Mussen cautioned against singling out neonicotinoids when other pesticides could have similar effects on bees. Besides, he said, many insects have built up immunity to neonicotinoids, so farmers are likely to switch to different pesticides anyway.
As Mussen has been saying all along, the declining bee population is due to a number of factors: pests, pesticides, parasites, diseases, malnutrition and stress.
So, there's no silver bullet--no major culprit--that's causing the declining bee population. It's a multitude of factors. Scientists continue to investigate them all.
Today at the Harry H. Laidlaw Jr. Honey Bee Research Facility at the University of California, Davis, we borrowed a plastic spoon and offered a taste of honey to newly emerged honey bees.
It was their sisters' making and now it was theirs. And soon, they will be making their own.
Norman Gary, emeritus professor of entomology at UC Davis and author of the newly published book, Honey Bee Hobbyist, the Care and Keeping of Bees, writes that "When all conditions are ideal (good weather, long days, intense nectar secretion and very populous colonies), bees can collect enormous quantities of nectar--perhaps around 6 pounds or more in one day--yielding around 2 to 3 pounds of honey per day."
Still, we often hear folks complain about humans stealing honey from the hives.
"Bees consume most of the honey they make," writes Gary, who has kept bees for more than six decades and continues his work as a professional bee wrangler. "Honey is primarily food for them and secondarily a treat for us because they produce more than the require for sustenance, which is 200 pounds per colony annually. The extra honey--anything over 200 pounds--is known as 'surplus' honey because it can be harvested without jeopardizing colony survival."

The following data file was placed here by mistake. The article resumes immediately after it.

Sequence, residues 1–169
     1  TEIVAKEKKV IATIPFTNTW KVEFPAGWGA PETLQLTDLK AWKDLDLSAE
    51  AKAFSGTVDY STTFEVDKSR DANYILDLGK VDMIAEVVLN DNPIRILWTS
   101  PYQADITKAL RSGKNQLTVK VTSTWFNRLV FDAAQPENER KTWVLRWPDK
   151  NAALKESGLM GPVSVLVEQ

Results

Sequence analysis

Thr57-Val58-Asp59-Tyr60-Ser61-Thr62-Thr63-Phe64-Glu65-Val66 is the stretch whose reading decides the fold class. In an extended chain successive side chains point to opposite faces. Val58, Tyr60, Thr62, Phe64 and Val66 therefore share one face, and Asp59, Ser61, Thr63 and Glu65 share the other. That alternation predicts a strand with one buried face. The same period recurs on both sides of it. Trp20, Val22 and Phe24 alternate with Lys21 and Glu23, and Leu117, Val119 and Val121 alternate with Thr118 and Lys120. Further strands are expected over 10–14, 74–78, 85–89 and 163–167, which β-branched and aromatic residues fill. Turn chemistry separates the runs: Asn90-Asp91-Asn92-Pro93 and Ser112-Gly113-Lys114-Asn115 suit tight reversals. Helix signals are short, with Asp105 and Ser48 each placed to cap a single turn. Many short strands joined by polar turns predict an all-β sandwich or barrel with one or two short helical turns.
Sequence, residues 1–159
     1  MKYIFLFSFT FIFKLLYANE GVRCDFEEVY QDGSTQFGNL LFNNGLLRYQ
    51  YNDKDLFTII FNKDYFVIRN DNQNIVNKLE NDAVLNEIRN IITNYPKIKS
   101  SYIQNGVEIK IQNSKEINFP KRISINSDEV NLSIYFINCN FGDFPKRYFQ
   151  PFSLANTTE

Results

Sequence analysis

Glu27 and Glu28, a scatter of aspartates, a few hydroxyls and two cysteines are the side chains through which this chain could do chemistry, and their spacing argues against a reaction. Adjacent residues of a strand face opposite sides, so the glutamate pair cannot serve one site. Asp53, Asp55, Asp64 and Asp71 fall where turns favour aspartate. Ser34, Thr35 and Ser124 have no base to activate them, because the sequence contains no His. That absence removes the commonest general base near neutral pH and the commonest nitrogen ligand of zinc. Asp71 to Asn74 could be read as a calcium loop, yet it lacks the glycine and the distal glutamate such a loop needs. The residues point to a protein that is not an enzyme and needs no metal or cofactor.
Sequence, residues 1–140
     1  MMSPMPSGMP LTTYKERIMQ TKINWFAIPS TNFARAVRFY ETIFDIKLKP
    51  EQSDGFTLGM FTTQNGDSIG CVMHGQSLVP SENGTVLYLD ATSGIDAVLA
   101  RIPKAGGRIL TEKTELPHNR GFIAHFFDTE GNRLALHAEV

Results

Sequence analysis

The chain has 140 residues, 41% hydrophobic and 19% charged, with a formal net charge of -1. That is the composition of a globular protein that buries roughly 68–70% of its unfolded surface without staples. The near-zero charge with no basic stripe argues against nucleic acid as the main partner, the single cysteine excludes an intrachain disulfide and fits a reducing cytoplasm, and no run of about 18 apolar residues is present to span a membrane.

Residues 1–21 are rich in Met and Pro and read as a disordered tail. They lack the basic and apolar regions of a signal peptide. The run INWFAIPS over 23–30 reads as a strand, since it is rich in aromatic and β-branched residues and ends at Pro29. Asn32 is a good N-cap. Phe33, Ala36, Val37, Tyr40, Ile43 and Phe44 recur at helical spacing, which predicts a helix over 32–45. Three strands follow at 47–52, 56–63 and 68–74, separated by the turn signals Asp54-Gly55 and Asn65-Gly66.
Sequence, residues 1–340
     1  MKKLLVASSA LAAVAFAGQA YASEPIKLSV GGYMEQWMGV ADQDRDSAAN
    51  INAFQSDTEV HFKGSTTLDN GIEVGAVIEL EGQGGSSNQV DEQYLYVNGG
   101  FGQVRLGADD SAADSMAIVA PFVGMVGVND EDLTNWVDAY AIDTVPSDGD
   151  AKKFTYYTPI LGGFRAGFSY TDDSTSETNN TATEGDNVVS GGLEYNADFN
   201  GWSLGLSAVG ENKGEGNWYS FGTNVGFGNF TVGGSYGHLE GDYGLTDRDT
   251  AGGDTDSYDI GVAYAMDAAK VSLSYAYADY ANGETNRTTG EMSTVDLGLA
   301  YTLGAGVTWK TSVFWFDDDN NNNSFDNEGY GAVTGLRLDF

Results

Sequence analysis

However, hobby beekeepers usually expect to produce around 100 pounds of honey per hive, he says.
That's definitely more than just a taste of honey!
Bee swarms are absolutely fascinating.
Several years ago, when bee breeder-geneticist Susan Cobey was teaching a queen- rearing class at the Harry H. Laidlaw Jr. Honey Bee Research Facility at UC Davis, her students received an extra bonus: they witnessed a bee swarm.
Right in front of them, as if on cue, the bees left the entrance of a hive and clustered on a nearby tree branch. That was Lesson No. 1. Cobey and crew quickly captured them and moved the swarm to a vacant hive. That was Lesson No. 2.
Actually, bee swarms aren't that rare on the UC Davis campus. They're just difficult to see because we're usually looking down instead of up.
This week UC Davis employee Suzan Carson alerted us to a bee swarm in the North Hall/Dutton Hall complex. She pointed to a tree branch, about 30 feet off the ground, where, in the deepening shadows, a cluster hung like grapes. "Good eye!" we said.
Today, toting my telephoto lens, I returned to capture an image of the cluster. They were still there, but probably won't be for long. The pending rainstorm may drive them from their temporary home, observed Extension apiculturist Eric Mussen of the UC Davis Department of Entomology.
Norman Gary, emeritus professor of entomology at UC Davis, explains the ins and outs of swarms in his newly published book, Honey Bee Hobbyist: The Care and Keeping of Bees.
"The act of swarming is perhaps the most dramatic event in the lives of honey bees," Gary writes. "Here's how it happens: Egg production increases dramatically in response to warming spring weather as well as an abundance of pollen and nectar from spring flowers. Within a few weeks, the colony population essentially doubles. Multiple queen cells--usually at least six--are constructed in the brood nest. A few days prior to the emergence of a virgin queen, the old queen's ovaries begin to shrink. Egg-laying essentially stops, and she loses enough weight to permit flight for the first time since her mating flight."